Ultima’s Lord British Returns, Without Ultima

By Alec Meer on March 15th, 2011 at 1:26 pm.

He doesn't look like this now. I'm not going to say what the main difference is. That would be very rude.

You can take the Lord British out of Ultima, but you can’t take the Ultima out of Lord British. Does that make sense? Probably not, but it sounded good, which is essentially the story of my career.

EA still jealously guards the Ultima license, despite not doing a whole lot with it outside of an only tangentially related free to play strategy game. However, it appears Ultima creator Richard Garriot has managed to personally retain the rights to sometime alter-ago and in-game ruler Lord British, which he now intends to use as the cornerstone of a new online game. “Lord British’s New Britannia” awaits…

Britannia is, of course, the name of Ultima’s main land, so presumably that’s also wrapped up in whatever other rights he managed to sneak out through EA’s coal cellar when he left.

There’s a factoid that will make at least some of you go “ssssssssssssss” through your teeth. It’s going to be a social network game, Garriot revealed at the SXSW conference this week (as attended by Gamasutra). However, unlike EA and their Lords of Ultima, Garriot seems a little more aware of the importance of heritage. “The virtual world game is not just an ultra-light MMO shopped on social media. I think that would be a failure.”

And that’s all we have, other than the news that he’s shopping around for potential investors. I’m going to put on my Cautious Optimism cap. If anyone’s likely to make an Ultima-esque title, it’s the creator of Ultima. He sure is knee-deep in a lot of social gaming stuff though (as well as in making rockets) – hopefully he’s aware that free to play/microtransactions can be difficult to reconcile with games of Ultima’s depth and and challenge.

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70 Comments »

  1. pakoito says:

    He will be making Tibia 2.

  2. Lobotomist says:

    Garriot is for whatever was said about him and all his weirdness – a true game development genius.
    I am looking forward to anything he works on.

    • Jonathan says:

      Unless it’s another Pagan or Ascension.

    • Eclipse says:

      Pagan was good, Ascension was well… good too but had a very buggy launch, and of course was smaller as all the world was for the first time in 3D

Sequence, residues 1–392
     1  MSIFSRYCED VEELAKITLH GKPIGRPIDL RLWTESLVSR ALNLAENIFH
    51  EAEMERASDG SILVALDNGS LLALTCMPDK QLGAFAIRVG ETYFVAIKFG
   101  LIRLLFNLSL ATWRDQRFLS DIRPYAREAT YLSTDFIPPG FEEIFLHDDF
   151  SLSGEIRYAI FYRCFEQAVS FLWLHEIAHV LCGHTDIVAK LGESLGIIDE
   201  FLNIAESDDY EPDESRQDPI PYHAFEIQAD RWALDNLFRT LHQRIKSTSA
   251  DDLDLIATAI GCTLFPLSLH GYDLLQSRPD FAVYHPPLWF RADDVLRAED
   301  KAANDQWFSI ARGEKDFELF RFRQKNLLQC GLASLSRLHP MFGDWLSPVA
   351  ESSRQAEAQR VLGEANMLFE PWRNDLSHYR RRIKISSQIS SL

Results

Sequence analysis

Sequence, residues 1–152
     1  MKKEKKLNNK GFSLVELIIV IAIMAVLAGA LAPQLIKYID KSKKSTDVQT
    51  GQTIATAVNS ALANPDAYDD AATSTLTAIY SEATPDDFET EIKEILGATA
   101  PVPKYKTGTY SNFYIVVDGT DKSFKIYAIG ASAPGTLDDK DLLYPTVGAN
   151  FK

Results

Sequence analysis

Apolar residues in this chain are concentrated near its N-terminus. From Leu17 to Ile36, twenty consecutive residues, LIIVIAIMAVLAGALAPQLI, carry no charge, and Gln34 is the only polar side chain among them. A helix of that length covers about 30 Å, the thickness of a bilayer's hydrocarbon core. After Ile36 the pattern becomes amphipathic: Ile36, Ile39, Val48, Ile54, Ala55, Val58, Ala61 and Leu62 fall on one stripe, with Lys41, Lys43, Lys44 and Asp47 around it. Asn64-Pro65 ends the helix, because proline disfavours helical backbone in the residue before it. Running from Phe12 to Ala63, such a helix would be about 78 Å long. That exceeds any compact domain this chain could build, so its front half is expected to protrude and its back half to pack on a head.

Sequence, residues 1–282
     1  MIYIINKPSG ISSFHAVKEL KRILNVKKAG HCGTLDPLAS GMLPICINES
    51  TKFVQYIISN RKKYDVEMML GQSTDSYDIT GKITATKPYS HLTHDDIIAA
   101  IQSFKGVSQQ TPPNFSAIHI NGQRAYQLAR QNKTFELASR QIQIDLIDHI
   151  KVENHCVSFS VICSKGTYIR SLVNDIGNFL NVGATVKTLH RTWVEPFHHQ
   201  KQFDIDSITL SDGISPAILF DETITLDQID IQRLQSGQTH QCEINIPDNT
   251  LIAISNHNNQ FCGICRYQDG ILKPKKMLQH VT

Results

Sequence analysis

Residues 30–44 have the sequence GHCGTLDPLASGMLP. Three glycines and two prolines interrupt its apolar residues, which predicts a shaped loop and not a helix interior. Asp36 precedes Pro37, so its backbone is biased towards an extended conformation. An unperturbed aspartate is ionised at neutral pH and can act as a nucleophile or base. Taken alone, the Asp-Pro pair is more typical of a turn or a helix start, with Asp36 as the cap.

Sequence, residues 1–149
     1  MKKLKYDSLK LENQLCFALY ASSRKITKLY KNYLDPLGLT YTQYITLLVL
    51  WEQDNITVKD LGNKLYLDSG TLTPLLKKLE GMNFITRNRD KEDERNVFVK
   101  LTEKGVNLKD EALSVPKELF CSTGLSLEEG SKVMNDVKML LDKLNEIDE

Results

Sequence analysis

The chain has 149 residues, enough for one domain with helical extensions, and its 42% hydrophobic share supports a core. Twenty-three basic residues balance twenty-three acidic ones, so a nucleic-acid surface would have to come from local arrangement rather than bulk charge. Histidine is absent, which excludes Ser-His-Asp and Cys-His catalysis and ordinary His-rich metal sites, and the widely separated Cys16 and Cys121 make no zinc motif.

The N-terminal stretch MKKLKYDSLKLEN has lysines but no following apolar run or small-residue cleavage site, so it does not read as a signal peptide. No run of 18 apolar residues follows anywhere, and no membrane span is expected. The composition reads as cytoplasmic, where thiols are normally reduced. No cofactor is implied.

• Premium User Badge Diziet Sma says:

      Or Tabula Rasa.

    • Hallgrim says:

      Right, so I’m totally looking forward to games of his, provided they are made before 1992.

      I’m sure the farmville crowd will eat his shit up though, more power to him.

    • Lobotomist says:

      Tabula Rasa …

      Exactly this was the game that apparently had Garriot fall from grace….

      When in fact ,

      He was playing the game himself. I remember he even once join me on the quest , and help me solve some puzzle.

      That is not something you encounter every day.

      And even today – TR is top on the list of MMOs that people want ressurected.

      And even more.

      Rift – and its “Dynamic” events. Is stale pond compared to dynamic world of TR.

      It was a gem , not finished and not polished.

      But a gem.

    • Tei says:

      On Tabula Rasa the enemy attacked the same bases again and again, forever. I dont know if thats what was programers intended, but that was the result ingame.
      In Rift invasions take over hub quest, and from there, launch invasion groups that capture the big city in the area. Is like a RTS game where the machine is left alone to conquer the whole map.
      Sorry but Tabula Rasa idea of invasions was “re-pop a lot of mobs”. The only thing that is better in Tabula Rasa (and is a lore thing) is how some of the mobs are put on the map… with dropships.
      To be honest, TR never advanced too far into these ideas…

    • Lobotomist says:

      You had bases constantly attacked by alien forces. But you also had mobs that landed with dropships on random places , and not just spawning at same place as in other MMOs

      The game at least had much more dynamic feel than Rift.

      And one more thing – but perhaps most important of all

      Tabula Rasa had gameplay

      Probably the most fun gameplay in any MMO before and now.

      I would simply log in to grind, not to get exp, but because it was simply fun.

      And that is probably the greatest achivement of TR

    • TariqOne says:

      Tabula Rasa was indeed better than it was given credit for in the general consciousness. I’d play me the fuck out of some Tabula Rasa right about now.

      Sad that of all the shoddy games kept on life support, TR was the one to get whacked early in its cycle.

    • manveruppd says:

      I always wondered why they canned it so quickly. Surely it can’t have been massively expensive to run, did they really have so few subscribers that it was utterly unprofitable?

    • Arglebargle says:

      Garriot WAS a genius designer. He was also a micromanager afflicted with feature creep, and completely unable to get a game out on schedule and under budget. After his glory days, his game production seriously faltered, with lackluster game production.